1. Los Angeles, California – Angel Anderson, CEO, Co-Founder, NailSnaps
I left a cushy, six-figure salary as VP at world class creative agency here in Los Angeles because I wanted to empower women creatively. Today I run a business conceived, managed, and wholly produced right her in sunny, Southern California.
Los Angeles is home to a burgeoning startup scene and a really collaborative community is being formed here. Mayor Garcetti has made a point partnering with the startup and tech biz community, making LA an attractive place to for tech startups. My businesses, NailSnaps is a creative commerce platform that lets people turn their Instagrams into nail art. NailSnaps sits at the intersection of fashion and technology, so Los Angeles is the perfect place for us to be headquartered.
2. Detroit, Michigan – Marty Babayov, Founder, The Suit Depot
While I probably would have started my business in whichever city my family lived in at the time, Oak Park, MI, and the Metro Detroit area in general, was the perfect setting for it. For a small business owner, payroll and rent are your two biggest expenses. While Detroit is, so to speak, ‘on the map’, the cost of living here is much lower than in other big cities and because of that, you are able to find quality employees at a fraction of the cost than in other big cities. Our first warehouse was 5,000 sq ft and only cost us $1,500 a month to rent. I don’t think we could have found that in many other cities. This allowed us to open with a shoestring budget and grow organically to the point we are at now.
3. New York City, New York – Alina Adams, Author, Getting Into NYC Kindergarten
Applying a child to Kindergarten in NYC is a full-time job – and I did it three times!
As a result, other parents started coming to me for advice. So I gave out advice. Then they invited other parents, and it turned into a workshop. Preschools began offering to pay me to give a workshop. And parents at those workshops begged me to write a book so they could have all my information in one place.
Last April, I published the book they’d been clamoring for, “Getting Into NYC Kindergarten,” and now I regularly go to schools, religious organizations and other businesses, giving talks to help people navigate the Draconian NYC school application system. I tell them everything the NYC Department of Education won’t. I’ve also launched a podcast. Because so many people wanted to talk about their particular situation after reading the book/attending a workshop, I began offering private consultations, and now it’s a full-time business that could never have happened anywhere but NYC.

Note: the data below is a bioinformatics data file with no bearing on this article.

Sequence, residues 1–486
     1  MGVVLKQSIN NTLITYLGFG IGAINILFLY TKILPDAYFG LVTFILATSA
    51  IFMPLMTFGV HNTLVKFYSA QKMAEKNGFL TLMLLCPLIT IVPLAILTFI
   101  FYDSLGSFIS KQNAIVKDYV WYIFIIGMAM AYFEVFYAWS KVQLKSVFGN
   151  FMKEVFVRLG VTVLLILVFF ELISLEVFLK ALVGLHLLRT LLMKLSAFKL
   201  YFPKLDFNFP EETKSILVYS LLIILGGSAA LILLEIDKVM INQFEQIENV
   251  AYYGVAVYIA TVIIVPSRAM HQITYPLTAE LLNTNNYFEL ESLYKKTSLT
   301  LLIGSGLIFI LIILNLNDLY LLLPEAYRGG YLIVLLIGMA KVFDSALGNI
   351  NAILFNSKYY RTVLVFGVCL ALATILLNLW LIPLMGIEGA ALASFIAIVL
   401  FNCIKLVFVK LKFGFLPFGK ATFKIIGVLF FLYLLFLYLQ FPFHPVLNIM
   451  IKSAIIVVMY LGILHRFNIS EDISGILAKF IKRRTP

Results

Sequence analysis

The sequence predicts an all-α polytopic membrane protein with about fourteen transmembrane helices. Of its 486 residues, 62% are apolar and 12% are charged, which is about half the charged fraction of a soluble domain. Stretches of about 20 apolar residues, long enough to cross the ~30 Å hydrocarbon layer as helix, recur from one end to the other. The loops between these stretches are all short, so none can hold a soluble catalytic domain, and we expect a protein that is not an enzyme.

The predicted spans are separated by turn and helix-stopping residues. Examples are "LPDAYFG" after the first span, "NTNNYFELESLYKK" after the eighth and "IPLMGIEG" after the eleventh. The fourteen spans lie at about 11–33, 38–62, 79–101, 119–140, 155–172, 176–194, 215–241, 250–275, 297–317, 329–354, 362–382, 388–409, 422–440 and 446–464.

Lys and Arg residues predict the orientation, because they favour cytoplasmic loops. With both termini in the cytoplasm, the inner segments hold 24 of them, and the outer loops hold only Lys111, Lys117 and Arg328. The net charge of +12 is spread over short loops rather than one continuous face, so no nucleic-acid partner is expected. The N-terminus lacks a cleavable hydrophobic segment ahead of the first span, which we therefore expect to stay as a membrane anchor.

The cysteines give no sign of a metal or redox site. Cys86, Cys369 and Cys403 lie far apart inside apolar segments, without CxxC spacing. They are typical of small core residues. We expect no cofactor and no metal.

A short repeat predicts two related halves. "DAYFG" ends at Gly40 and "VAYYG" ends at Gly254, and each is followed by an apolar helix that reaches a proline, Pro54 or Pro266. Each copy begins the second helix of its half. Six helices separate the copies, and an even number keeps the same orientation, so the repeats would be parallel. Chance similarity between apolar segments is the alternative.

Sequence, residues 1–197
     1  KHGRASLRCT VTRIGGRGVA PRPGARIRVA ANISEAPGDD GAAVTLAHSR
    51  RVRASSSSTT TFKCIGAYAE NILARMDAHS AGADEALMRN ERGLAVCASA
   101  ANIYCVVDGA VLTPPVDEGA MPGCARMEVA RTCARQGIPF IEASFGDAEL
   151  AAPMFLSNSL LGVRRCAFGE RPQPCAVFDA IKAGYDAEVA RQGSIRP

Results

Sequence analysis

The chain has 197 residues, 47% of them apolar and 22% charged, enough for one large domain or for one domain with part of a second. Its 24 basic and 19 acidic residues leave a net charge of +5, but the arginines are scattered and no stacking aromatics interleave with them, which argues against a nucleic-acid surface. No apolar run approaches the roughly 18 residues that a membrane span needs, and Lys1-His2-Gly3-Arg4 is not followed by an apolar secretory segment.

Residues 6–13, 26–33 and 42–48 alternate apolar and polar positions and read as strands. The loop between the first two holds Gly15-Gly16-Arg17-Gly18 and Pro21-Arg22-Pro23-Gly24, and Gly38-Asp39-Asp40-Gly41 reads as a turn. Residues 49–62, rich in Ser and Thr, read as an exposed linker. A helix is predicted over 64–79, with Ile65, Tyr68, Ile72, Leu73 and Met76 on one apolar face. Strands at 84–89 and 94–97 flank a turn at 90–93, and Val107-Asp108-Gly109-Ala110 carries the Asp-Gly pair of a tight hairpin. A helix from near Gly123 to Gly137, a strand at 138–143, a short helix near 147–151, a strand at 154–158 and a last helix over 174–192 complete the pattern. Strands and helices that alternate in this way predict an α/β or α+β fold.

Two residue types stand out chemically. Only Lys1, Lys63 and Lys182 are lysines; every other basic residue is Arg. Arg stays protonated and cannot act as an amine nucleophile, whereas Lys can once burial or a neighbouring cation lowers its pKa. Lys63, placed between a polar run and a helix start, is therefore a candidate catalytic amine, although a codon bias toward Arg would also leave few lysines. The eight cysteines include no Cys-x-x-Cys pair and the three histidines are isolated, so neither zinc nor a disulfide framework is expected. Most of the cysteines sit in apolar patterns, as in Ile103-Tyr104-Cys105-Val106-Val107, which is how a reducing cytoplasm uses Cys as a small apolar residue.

4. Jupiter, Florida – David Batchelor, President/Co-Founder, DialMyCalls.com
For me it was easy, I wanted to stay in my hometown of Jupiter, Florida. Tech companies often feel the need to move out west to Silicon Valley which would have probably helped in some aspects, but being able to help the town I grew up in was and still is extremely important to me. It’s nice to be able to hire so many local employees which in turn helps the local economy. Jupiter, Florida is an amazing place to live and I really hope our small business and many others are helping the town stay great.
5. Asheville, North Carolina – Brent Hartmann, Founder, Bitcookie
I chose to start a business in Asheville, North Carolina after seeing the effectiveness of a locally supported economy. Asheville has more small businesses than any of the cities I’ve visited in the US, and they’re all supportive of other new, locally owned companies. When I started Bitcookie, a web design company, technology wasn’t an over-saturated industry. It was easier to gain footing in the first few months starting up. Everyone thinks if you’re in tech you should fly to Silicon Valley, but that’s where your biggest competition will be, waiting to snuff you out. Instead of being a tech giant, I wanted to work with people I see around town and who aren’t already inundated with tech corporations.
6. Sioux Falls, South Dakota – Colin Tracy, CTO, Chelsea’s Boutique
Chelsea’s Boutique moved to Sioux Falls, SD three years ago. After being in business for around three years in a small town it was time for a move and growth. We considered a couple different cities in the Mid-West but eventually settled on Sioux Falls, SD because of the growth and community. Downtown Sioux Falls offers a city feel with a tight knit community that is usually only seen in small towns. It has consistently been featured in Forbes for top cities for college grads, lowest unemployment, and best small cities for business and careers. We’ve seen our business grow steadily the past three years and in 2015 grow by 52%. Sioux Falls loves local shops and has multiple committees working to bring more businesses not only to Sioux Falls but Downtown Sioux Falls as well.
Did you start a business? Let us know why you picked your location in the comments section below.